• Level of corrosion inhibitors, which are added to most heat transfer fluids to protect the metals in process cooling equipment but can be depleted over time. If the levels are too low, additional corrosion inhibitors can be added to extend the fluid life. Corrosion inhibitors are chemically engineered to be compatible with the base stock of the fluid and should only be added when suggested by the fluid manufacturer.
The routine analysis also should screen for the following problems:
  • Degradation products such as iron, copper or zinc, which could indicate that corrosion is occurring or that an inferior water supply has been used.

  • Scale promoters such as calcium or magnesium in the liquid.

  • Contaminants such as lead or arsenic, which could cause the fluid to be classified as a hazardous substance should disposal be required. Silica could indicate the use of automotive antifreeze and could cause the formation of silica gels that might foul the heat exchanger.

  • Corrosive ions such as chloride and sulfate, which are introduced by the use of poor-quality water.

  • Acids, which will form in many fluids as they deteriorate and can contribute to system corrosion.

  • Fluid degradation, which will create acid harmful to the construction materials of most cooling systems. Ethylene glycol and propylene glycol fluids are negatively affected by unintentional exposure to excessive heat and oxygen. Fluid degradation can be detected in a fluid analysis and corrected before it causes serious damage to the fluid or equipment.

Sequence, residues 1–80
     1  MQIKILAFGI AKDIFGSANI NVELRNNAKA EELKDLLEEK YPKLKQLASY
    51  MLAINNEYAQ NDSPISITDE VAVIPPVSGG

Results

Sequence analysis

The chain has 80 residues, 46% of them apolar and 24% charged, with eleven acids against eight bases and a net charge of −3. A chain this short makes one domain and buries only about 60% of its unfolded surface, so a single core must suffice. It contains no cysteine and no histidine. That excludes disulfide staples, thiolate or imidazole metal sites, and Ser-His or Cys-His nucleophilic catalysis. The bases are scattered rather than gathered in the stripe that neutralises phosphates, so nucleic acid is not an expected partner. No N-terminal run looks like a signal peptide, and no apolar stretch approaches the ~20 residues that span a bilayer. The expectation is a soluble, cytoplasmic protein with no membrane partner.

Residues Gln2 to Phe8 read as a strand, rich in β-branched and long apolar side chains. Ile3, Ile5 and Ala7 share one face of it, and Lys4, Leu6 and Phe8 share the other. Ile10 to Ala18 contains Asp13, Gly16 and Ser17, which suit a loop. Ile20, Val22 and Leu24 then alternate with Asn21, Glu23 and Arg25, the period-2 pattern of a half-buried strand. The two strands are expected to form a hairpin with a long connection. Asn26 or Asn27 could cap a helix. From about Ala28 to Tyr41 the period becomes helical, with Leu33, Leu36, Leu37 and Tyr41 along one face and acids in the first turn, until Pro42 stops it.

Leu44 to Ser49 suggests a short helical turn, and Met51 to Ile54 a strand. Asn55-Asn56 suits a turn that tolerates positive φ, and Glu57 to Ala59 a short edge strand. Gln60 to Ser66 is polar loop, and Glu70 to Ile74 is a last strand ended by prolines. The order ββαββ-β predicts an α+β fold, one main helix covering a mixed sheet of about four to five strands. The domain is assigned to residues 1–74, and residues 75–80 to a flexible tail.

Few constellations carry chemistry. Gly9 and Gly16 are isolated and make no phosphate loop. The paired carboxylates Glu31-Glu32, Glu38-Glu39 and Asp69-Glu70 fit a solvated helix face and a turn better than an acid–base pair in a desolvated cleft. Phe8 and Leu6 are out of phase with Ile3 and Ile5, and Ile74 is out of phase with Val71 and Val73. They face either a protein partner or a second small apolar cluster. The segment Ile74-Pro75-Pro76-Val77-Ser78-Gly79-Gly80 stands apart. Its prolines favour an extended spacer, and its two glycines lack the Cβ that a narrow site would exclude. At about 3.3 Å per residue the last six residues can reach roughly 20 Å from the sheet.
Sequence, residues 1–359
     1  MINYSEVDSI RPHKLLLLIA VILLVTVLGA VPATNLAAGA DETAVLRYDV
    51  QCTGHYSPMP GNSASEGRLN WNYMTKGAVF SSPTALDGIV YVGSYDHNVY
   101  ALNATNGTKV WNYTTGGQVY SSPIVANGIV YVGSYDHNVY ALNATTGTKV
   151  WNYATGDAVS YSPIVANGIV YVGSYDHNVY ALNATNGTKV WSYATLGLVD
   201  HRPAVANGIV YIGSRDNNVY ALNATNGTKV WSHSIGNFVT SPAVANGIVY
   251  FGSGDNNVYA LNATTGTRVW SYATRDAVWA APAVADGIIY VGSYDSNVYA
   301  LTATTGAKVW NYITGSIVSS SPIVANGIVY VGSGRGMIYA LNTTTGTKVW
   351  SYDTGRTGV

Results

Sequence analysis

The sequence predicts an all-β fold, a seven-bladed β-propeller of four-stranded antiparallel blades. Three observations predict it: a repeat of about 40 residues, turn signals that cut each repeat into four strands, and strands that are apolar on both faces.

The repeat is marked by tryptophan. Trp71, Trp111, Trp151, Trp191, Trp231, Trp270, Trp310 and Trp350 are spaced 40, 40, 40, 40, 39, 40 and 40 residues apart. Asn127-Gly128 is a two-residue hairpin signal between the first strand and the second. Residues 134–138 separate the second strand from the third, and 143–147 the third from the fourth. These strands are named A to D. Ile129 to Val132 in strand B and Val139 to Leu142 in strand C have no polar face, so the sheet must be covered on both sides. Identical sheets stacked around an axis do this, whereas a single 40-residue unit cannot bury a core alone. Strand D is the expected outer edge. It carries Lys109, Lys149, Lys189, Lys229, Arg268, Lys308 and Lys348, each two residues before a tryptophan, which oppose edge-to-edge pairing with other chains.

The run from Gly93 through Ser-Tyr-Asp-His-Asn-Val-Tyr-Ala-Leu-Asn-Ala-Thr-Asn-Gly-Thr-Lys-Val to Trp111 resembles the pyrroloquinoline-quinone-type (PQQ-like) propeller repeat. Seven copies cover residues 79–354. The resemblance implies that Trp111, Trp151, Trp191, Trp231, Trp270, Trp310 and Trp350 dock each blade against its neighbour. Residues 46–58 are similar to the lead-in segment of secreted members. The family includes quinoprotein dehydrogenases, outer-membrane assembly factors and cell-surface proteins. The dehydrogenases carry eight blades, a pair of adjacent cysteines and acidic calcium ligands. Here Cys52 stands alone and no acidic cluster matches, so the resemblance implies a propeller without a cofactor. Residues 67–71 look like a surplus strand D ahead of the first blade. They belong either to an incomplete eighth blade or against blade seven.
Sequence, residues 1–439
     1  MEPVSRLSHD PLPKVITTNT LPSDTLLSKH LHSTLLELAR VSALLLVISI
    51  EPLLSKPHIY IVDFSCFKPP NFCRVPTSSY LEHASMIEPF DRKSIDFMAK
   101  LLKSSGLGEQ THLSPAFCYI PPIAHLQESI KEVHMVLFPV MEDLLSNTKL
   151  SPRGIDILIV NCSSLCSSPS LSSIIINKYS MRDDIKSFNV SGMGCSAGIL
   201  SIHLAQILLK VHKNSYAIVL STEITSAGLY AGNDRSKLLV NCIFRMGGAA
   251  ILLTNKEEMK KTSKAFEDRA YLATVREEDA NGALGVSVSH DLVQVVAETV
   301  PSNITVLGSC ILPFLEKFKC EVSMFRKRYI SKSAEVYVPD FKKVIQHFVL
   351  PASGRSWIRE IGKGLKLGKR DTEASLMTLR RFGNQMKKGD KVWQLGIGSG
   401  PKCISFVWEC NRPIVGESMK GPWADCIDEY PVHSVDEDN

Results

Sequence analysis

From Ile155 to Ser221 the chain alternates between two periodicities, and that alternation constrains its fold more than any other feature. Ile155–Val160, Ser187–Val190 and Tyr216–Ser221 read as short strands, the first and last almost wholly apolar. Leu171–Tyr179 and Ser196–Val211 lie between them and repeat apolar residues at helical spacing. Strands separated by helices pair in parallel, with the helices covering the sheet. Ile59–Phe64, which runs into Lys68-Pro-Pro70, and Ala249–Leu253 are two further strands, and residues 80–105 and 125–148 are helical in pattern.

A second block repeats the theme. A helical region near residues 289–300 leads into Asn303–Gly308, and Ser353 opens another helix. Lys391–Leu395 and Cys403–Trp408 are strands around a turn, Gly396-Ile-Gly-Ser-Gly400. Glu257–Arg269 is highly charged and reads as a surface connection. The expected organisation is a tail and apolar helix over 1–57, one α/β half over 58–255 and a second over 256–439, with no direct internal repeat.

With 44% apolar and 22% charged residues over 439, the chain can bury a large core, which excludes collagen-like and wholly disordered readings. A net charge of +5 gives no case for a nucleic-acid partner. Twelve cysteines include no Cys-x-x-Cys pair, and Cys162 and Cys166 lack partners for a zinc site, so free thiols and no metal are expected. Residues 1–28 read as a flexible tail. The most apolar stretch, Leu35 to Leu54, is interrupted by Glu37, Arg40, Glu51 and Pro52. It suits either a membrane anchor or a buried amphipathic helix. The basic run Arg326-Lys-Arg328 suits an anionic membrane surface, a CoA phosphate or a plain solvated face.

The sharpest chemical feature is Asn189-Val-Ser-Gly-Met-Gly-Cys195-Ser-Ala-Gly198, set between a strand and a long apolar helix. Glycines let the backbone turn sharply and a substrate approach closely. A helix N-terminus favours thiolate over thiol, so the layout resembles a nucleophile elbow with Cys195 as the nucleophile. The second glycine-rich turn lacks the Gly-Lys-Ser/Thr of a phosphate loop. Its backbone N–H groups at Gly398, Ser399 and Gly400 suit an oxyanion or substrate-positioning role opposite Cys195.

• Erosion corrosion, which can be caused by circulation of any type of particles in the fluid. Particulate matter can come from many sources, including improper cleaning when the system is commissioned, rust and corrosion in older systems, improperly inhibited fluids, and poor-quality water. If this condition is detected, a side stream filter can be installed to improve fluid quality and extend its life and that of the equipment in which it is used.
A fluid maintenance program also should include inspecting the cooling system regularly for leaks and operation problems, as well as periodically cleaning filters and strainers. These steps can help you identify and correct problems before they can harm the fluid or equipment.

In conclusion, a high-quality heat transfer fluid is essential to ensuring the efficient operation and long life of any process cooling system. Always follow the fluid manufacturer’s recommended use and maintenance suggestions, and your equipment will be less likely to surprise you with unexpected problems.